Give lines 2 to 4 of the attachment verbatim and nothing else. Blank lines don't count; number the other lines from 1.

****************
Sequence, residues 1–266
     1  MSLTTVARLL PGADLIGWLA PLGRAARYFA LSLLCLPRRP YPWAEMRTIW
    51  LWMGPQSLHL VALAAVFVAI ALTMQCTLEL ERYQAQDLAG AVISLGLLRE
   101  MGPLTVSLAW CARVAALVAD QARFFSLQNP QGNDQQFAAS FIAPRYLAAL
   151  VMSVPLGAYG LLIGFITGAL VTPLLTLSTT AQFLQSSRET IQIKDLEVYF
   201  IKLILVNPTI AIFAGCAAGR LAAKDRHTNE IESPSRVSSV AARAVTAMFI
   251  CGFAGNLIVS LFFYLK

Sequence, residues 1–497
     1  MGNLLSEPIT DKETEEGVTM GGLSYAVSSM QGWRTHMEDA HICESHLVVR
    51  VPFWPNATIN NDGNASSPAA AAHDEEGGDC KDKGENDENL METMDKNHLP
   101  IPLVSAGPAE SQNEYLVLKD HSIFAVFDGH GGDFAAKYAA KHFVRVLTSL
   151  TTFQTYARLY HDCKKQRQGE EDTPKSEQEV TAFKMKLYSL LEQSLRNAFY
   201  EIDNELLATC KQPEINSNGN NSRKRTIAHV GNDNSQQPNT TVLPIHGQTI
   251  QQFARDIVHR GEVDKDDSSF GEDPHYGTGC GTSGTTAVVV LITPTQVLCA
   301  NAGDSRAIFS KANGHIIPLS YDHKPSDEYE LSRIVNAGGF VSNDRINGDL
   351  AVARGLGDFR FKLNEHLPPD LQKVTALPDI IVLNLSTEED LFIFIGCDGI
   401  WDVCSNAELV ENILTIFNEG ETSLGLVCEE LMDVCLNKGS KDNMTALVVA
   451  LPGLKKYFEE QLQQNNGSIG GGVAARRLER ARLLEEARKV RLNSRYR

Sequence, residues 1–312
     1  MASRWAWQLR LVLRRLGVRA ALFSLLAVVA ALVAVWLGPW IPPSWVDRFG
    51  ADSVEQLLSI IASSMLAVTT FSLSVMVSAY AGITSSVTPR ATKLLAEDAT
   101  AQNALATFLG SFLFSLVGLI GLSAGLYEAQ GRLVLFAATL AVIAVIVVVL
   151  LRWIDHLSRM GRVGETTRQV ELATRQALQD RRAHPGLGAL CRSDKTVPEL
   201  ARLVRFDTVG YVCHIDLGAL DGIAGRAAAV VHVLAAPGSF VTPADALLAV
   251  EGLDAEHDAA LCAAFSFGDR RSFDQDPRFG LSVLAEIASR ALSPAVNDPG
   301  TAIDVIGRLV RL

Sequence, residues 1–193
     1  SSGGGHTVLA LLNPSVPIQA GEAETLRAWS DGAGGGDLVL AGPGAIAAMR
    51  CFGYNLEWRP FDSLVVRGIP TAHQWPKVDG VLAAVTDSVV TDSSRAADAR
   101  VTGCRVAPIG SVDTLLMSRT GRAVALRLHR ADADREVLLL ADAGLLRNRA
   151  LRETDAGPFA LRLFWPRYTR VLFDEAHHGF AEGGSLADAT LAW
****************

     1  MSLTTVARLL PGADLIGWLA PLGRAARYFA LSLLCLPRRP YPWAEMRTIW
    51  LWMGPQSLHL VALAAVFVAI ALTMQCTLEL ERYQAQDLAG AVISLGLLRE
   101  MGPLTVSLAW CARVAALVAD QARFFSLQNP QGNDQQFAAS FIAPRYLAAL